This can be one of the most difficult steps for someone in the journey. The risk is that it feels too difficult and that adequate support is not available. As a result they drop out of the program before they’ve even had the chance to get fully involved. 

I’m preparing the nomination

This where rubber hits the road. Everyone is on board and a lot of hard work has been done to get to this point. 

Completing an application process can often feel very daunting and can easily negatively impact the experience before the individual has even started. It is, therefore, critical to communicate how the application process works, what information is required and why, and how to access support. 

Keep the application itself as simple and user friendly as possible, asking only for information that is required and avoiding duplication in the process. There may be information they (e.g. the program owner) already have access to that doesn’t need to be repeated in the application. For example, details about the property that the Council already has available in internal databases (e.g. building age and dimensions). 

2. Decide how you can best help someone 

Now that you have a clear understanding of when someone will most likely require support, the next step is to design how you can best deliver that support. 

This exercise is similar to the work you have completed in 4. Create an engagement strategy. You’ll need to keep in mind that individuals will have preferences and will naturally already use certain communication channels. Make use of these to provide support more effectively.  

At this point it is also worth investigating different ways individuals can ‘self serve’ and find answers to their questions themselves. Remember that support doesn’t always have to be a face-to-face interaction. Depending on the situation, people will be happy to conduct their own research to find the answer (as long as the information is readily available and accessible).  

In Melbourne

We received a lot of positive feedback on the first ‘Green your Laneway’ program. Participants greatly appreciated the ability to contact the program owner directly at the Council. This instilled trust and confidence in the program and that the Council was “serious” about the initiative.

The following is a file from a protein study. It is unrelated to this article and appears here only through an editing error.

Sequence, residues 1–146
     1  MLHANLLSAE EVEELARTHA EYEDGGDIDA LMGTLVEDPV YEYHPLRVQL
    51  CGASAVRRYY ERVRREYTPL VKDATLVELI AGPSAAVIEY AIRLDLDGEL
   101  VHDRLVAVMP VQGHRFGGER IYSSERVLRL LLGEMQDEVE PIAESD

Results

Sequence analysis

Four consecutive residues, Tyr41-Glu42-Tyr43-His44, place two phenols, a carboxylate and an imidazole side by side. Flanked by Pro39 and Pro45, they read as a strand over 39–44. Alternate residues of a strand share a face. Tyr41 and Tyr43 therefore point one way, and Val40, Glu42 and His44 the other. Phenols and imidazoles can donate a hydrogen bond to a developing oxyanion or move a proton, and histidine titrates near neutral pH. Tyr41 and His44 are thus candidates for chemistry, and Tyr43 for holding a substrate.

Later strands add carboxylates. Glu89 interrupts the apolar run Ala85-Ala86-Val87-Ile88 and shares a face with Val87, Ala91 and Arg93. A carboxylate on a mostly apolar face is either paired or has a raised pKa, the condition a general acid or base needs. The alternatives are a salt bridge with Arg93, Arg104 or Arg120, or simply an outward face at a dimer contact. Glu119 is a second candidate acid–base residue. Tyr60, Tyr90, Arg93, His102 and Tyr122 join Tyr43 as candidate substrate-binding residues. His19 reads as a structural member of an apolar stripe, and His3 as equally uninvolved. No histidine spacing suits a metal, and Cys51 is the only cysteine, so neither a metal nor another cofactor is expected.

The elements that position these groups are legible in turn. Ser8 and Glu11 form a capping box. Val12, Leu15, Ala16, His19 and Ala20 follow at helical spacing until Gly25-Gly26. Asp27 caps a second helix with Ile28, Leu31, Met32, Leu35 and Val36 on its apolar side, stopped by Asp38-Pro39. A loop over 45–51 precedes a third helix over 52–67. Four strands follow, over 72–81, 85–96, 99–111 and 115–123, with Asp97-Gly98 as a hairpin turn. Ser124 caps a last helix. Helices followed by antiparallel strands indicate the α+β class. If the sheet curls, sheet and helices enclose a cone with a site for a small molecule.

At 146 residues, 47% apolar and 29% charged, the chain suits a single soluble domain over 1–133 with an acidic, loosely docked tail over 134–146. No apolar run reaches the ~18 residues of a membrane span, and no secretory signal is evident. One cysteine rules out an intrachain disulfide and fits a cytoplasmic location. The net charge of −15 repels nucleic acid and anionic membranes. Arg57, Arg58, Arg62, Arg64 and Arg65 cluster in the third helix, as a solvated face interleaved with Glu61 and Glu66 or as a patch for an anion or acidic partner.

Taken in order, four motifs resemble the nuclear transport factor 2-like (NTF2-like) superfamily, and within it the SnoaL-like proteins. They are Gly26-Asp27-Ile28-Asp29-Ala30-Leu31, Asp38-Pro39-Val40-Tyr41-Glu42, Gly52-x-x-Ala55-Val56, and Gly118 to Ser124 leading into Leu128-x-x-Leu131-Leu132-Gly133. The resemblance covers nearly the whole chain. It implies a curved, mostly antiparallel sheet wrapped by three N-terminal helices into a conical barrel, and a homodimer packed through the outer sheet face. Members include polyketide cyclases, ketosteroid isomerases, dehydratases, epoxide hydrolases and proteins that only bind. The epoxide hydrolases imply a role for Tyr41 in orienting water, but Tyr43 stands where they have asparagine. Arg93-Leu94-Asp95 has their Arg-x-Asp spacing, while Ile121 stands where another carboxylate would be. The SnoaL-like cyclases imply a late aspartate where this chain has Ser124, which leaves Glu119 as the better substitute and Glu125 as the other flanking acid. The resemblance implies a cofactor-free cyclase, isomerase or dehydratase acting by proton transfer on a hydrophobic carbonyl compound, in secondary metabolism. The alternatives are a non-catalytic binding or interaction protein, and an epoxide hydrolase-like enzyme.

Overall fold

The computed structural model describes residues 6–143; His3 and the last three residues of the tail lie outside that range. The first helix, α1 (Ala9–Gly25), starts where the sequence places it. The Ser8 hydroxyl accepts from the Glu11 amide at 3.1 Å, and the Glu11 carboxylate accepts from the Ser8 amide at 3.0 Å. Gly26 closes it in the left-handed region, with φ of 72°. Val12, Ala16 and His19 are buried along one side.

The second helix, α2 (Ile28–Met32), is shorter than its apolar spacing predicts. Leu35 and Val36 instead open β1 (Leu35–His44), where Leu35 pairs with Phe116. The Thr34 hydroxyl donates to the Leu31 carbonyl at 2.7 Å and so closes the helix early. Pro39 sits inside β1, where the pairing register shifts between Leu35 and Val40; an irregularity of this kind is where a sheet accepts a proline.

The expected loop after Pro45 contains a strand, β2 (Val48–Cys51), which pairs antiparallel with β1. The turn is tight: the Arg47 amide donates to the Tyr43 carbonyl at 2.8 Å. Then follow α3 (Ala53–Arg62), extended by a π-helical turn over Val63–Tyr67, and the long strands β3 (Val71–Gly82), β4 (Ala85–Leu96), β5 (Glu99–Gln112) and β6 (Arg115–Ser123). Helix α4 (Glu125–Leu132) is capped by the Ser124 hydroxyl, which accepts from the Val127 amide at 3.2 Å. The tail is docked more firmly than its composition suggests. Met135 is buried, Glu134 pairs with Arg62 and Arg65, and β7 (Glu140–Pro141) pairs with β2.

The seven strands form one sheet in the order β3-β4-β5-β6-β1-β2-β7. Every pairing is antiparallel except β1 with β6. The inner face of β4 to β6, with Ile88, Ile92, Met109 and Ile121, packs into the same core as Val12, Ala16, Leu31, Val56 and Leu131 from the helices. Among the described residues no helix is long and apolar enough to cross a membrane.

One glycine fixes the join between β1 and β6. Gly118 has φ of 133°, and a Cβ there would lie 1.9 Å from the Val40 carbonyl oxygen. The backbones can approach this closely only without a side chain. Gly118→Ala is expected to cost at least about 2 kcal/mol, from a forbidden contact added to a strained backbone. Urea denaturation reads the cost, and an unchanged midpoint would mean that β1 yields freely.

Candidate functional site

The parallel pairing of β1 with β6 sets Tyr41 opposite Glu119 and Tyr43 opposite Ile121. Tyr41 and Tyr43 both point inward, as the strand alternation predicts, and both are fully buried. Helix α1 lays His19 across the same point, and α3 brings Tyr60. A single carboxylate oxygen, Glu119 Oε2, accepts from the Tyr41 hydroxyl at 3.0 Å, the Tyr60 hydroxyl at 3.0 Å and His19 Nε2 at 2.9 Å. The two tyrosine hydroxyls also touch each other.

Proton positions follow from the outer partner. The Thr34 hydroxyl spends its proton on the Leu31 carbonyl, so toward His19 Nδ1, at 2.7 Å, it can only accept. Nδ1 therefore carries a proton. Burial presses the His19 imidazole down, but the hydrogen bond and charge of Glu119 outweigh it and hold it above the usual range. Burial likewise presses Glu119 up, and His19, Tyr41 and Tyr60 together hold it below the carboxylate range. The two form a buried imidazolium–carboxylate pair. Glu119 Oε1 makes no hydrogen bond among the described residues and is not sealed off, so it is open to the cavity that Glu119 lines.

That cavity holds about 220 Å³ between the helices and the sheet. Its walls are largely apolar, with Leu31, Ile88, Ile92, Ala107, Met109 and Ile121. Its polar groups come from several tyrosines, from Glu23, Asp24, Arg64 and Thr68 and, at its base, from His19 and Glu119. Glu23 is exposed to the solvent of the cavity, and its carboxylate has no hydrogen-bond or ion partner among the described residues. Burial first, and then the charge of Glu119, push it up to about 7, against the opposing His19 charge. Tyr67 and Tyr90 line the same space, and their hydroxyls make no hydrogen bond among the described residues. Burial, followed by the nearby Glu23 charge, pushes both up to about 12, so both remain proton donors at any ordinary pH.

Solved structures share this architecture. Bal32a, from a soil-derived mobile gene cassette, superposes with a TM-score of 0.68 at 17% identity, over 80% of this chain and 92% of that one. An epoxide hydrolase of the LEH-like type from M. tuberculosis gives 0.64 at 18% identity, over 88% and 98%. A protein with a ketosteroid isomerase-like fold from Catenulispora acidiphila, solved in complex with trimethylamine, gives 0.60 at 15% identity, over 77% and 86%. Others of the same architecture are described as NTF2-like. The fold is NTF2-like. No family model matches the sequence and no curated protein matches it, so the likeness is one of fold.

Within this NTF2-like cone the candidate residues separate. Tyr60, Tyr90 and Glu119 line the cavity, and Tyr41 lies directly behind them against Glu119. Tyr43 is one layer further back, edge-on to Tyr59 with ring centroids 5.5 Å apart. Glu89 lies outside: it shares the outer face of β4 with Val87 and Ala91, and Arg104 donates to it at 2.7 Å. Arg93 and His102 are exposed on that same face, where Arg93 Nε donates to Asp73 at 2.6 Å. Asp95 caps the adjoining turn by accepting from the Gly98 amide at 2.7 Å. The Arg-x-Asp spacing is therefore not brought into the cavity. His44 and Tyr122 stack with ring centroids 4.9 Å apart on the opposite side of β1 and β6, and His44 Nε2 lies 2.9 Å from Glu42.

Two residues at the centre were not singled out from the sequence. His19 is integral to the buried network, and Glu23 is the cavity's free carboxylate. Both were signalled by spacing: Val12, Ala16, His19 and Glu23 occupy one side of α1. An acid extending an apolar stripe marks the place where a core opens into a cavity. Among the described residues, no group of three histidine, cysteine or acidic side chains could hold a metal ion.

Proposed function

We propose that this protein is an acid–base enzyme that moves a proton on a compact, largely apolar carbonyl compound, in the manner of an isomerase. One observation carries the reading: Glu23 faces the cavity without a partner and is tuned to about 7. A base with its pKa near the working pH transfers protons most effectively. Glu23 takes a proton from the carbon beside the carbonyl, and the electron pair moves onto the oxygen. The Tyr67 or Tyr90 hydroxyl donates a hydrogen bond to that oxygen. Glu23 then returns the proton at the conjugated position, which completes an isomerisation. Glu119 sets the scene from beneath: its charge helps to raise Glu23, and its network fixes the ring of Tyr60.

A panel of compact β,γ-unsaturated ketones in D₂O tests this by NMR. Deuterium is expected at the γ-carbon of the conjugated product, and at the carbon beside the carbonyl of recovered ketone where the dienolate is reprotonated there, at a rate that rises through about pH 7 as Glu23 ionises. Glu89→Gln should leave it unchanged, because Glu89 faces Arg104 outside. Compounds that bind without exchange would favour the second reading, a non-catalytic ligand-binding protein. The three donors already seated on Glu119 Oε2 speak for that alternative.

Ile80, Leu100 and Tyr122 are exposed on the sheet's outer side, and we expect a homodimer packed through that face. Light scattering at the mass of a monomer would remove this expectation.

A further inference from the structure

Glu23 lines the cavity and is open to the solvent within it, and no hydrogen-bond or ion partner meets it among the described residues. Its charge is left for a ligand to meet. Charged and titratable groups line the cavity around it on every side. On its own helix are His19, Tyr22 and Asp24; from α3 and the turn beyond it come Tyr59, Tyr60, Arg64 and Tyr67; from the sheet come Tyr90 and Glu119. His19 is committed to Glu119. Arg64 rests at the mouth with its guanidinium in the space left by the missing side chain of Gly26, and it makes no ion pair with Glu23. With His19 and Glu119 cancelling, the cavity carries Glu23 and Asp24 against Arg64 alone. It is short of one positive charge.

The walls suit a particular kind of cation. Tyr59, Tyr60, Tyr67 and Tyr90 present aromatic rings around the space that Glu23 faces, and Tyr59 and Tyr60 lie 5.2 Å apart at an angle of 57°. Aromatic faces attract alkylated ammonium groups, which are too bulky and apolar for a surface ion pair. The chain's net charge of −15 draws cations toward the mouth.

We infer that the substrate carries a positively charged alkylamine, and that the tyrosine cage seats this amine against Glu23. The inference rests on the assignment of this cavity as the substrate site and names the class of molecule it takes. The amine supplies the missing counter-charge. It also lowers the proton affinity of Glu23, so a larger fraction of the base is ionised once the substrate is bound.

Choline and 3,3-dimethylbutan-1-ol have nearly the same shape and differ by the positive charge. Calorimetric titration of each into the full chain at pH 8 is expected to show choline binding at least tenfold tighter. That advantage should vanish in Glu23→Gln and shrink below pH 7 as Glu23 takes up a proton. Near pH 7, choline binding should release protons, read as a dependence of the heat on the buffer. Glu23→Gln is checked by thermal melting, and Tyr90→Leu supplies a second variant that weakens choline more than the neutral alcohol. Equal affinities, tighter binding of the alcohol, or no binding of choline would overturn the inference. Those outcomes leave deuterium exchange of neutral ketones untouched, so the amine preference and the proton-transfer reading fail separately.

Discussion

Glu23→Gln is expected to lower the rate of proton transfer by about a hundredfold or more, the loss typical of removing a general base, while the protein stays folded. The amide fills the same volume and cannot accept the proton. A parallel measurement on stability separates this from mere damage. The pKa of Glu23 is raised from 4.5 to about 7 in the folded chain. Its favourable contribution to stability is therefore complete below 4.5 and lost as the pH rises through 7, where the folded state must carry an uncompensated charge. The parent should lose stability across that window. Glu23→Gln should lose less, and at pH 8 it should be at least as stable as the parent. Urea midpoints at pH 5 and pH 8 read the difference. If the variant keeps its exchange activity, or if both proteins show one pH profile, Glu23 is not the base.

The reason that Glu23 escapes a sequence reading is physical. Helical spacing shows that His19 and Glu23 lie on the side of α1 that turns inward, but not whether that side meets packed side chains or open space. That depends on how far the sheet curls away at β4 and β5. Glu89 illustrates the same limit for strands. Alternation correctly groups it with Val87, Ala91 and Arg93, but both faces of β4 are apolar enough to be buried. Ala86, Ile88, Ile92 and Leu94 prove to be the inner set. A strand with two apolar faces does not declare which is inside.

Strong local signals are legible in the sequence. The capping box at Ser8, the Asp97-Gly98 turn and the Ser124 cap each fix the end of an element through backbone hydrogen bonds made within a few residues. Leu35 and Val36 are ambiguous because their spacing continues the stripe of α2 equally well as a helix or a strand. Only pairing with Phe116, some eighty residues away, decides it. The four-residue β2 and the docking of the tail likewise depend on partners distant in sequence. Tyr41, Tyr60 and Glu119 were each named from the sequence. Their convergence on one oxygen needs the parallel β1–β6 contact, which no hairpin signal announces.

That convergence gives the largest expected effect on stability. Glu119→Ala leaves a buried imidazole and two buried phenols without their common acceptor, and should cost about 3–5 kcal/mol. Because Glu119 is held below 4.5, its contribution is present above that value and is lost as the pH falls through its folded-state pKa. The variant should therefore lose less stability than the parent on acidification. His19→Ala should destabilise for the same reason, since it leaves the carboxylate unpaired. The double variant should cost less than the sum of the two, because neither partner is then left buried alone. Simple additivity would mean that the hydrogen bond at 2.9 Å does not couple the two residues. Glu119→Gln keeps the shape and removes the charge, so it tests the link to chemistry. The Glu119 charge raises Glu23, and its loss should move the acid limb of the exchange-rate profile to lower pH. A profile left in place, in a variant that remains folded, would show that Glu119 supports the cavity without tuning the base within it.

Future programs should continue to offer direct access to the Council program team. This could be in the form of a direct help line and an email address for a program advisor. It is important that support is offered by someone who has a detailed understanding of the program. Otherwise you run the risk of referring individuals to other 'departments' and potentially causing frustrations. 

We also recommended the Council to provide individuals with formal documentation on the program (City of Melbourne branded). This can significantly support laneway members in engaging decision makers. Official documentation instills confidence and legitimacy in the program. The content can be provided in a printed format and/or online.

In this documentation, it is also important to highlight how the Council is contributing to the program (financially and non-financially). Knowing that the Council is financially invested will help reduce any doubt and concerns that is a ‘risky’ investment.  

Overall, there are a number of ways the Council can offer support:

  • Ensure up-to-date information is available in one central location, such as a website
  • Offer peer-to-peer support by offering a space where members from past successful initiatives can offer advice and suggestions. This could be through an online forum. In this case, it is important for the program owner to keep an eye on the forum and step in when required, ensuring that advice is accurate and up-to-date.
  • Workshop and information sessions on topics such as ‘how to complete the application and what type of information that is required’
  • Templates and examples of past successful applications that demonstrate the level and type of content required